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NASA Tests GPS Monitoring System for Big U.S. Earthquakes

Figure 1: Diagram showing how earthquakes can ...
Figure 1: Diagram showing how earthquakes can generate a tsunami. (Photo credit: Wikipedia)
April 24, 2012

Steve Cole 
Headquarters, Washington                                    

Alan Buis 
Jet Propulsion Laboratory, Pasadena, Calif. 

RELEASE: 12-108

NASA TESTS GPS MONITORING SYSTEM FOR BIG U.S. EARTHQUAKES

WASHINGTON -- The space-based technology that lets GPS-equipped 
motorists constantly update their precise location will undergo a 
major test of its ability to rapidly pinpoint the location and 
magnitude of strong earthquakes across the western United States. 
Results from the new Real-time Earthquake Analysis for Disaster 
(READI) Mitigation Network soon could be used to assist prompt 
disaster response and more accurate tsunami warnings. 

The new research network builds on decades of technology development 
supported by the National Science Foundation, the Department of 
Defense, NASA, and the U.S. Geological Survey (USGS). The network 
uses real-time GPS measurements from nearly 500 stations throughout 
California, Oregon and Washington. When a large earthquake is 
detected, GPS data are used to automatically calculate its vital 
characteristics including location, magnitude and details about the 
fault rupture. 

"With the READI network we are enabling continued development of 
real-time GPS technologies to advance national and international 
early warning disaster systems," said Craig Dobson, natural hazards 
program manager in the Earth Science Division at NASA Headquarters in 
Washington. "This prototype system is a significant step towards 
realizing the goal of providing Pacific basin-wide natural hazards 
capability around the Pacific 'Ring of Fire.'" 

Accurate and rapid identification of earthquakes of magnitude 6.0 and 
stronger is critical for disaster response and mitigation efforts, 
especially for tsunamis. Calculating the strength of a tsunami 
requires detailed knowledge of the size of the earthquake and 
associated ground movements. Acquiring this type of data for very 
large earthquakes is a challenge for traditional seismological 
instruments that measure ground shaking. 

High-precision, second-by-second measurements of ground displacements 
using GPS have been shown to reduce the time needed to characterize 
large earthquakes and to increase the accuracy of subsequent tsunami 
predictions. After the capabilities of the network have been fully 
demonstrated, it is intended to be used by appropriate natural hazard 
monitoring agencies. USGS and the National Oceanic and Atmospheric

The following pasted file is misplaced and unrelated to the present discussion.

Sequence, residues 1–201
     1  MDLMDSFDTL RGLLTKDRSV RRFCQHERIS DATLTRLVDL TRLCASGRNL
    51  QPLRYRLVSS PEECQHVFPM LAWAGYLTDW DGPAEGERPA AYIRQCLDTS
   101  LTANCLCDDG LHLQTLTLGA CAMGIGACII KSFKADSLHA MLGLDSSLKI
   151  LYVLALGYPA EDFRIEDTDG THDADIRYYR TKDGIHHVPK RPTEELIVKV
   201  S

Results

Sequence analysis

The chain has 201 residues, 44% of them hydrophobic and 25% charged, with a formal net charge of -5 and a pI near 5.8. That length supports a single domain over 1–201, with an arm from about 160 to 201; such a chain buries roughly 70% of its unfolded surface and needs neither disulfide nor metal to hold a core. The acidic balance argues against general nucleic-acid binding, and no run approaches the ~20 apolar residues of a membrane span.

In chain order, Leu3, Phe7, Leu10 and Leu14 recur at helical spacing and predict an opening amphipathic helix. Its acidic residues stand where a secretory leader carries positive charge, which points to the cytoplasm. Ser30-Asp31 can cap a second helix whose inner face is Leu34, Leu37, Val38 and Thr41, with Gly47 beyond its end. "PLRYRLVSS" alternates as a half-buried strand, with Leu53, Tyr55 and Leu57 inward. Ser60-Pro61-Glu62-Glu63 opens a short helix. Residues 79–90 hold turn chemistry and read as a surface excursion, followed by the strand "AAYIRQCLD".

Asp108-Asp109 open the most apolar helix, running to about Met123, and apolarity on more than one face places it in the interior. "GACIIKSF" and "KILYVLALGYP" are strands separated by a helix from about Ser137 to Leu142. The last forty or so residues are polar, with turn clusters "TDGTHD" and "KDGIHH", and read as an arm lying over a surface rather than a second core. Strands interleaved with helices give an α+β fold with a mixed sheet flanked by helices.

Administration are responsible for detecting and issuing warnings on 
earthquakes and tsunamis, respectively. 

"By using GPS to measure ground deformation from large earthquakes, we 
can reduce the time needed to locate and characterize the damage from 
large seismic events to several minutes," said Yehuda Bock, director 
of Scripps Institution of Oceanography's Orbit and Permanent Array 
Center in La Jolla, Calif. "We now are poised to fully test the 
prototype system this year." 

The READI network is a collaboration of many institutions including 
Scripps at the University of California in San Diego; Central 
Washington University in Ellensburg; the University of Nevada in 
Reno; California Institute of Technology/Jet Propulsion Laboratory 
(JPL) in Pasadena; UNAVCO in Boulder, Colo.; and the University of 
California at Berkeley. 

NASA, NSF, USGS, and other federal, state, and local partners support 
the GPS stations in the network, including the EarthScope Plate 
Boundary Observatory, the Pacific Northwest Geodetic Array, the Bay 
Area Regional Deformation Array and the California Real-Time Network. 


"The relatively small investments in GPS-based natural hazards systems 
have revolutionized the way we view the Earth and allowed us to 
develop this prototype system with great potential benefits for the 
infrastructure and population in earthquake-prone states in the 
western United States," said Frank Webb, Earth Science Advanced 
Mission Concepts program manager at JPL. 

The READI network is the outgrowth of nearly 25 years of U.S. 
government research efforts to develop the capabilities and 
applications of GPS technology. The GPS satellite system was created 
by the Department of Defense for military and ultimately civil 
positioning needs. NASA leveraged this investment by supporting 
development of a global GPS signal receiving network to improve the 
accuracy and utility of GPS positioning information. Today that 
capability provides real-time, pinpoint positioning and timing for a 
wide variety of uses from agriculture to Earth exploration. 

"Conventional seismic networks have consistently struggled to rapidly 
identify the true size of great earthquakes during the last decade," 
said Timothy Melbourne, director of the Central Washington 
University's Pacific Northwest Geodetic Array. "This GPS system is 
more likely to provide accurate and rapid estimates of the location 
and amount of fault slip to fire, utility, medical and other 
first-response teams." 
The GPS earthquake detection capability was first demonstrated by 
NASA-supported research on a major 2004 Sumatra quake conducted by 
Geoffrey Blewitt and colleagues at the University of Nevada in Reno. 

For more information about NASA programs, visit: 

http://www.nasa.gov 

 
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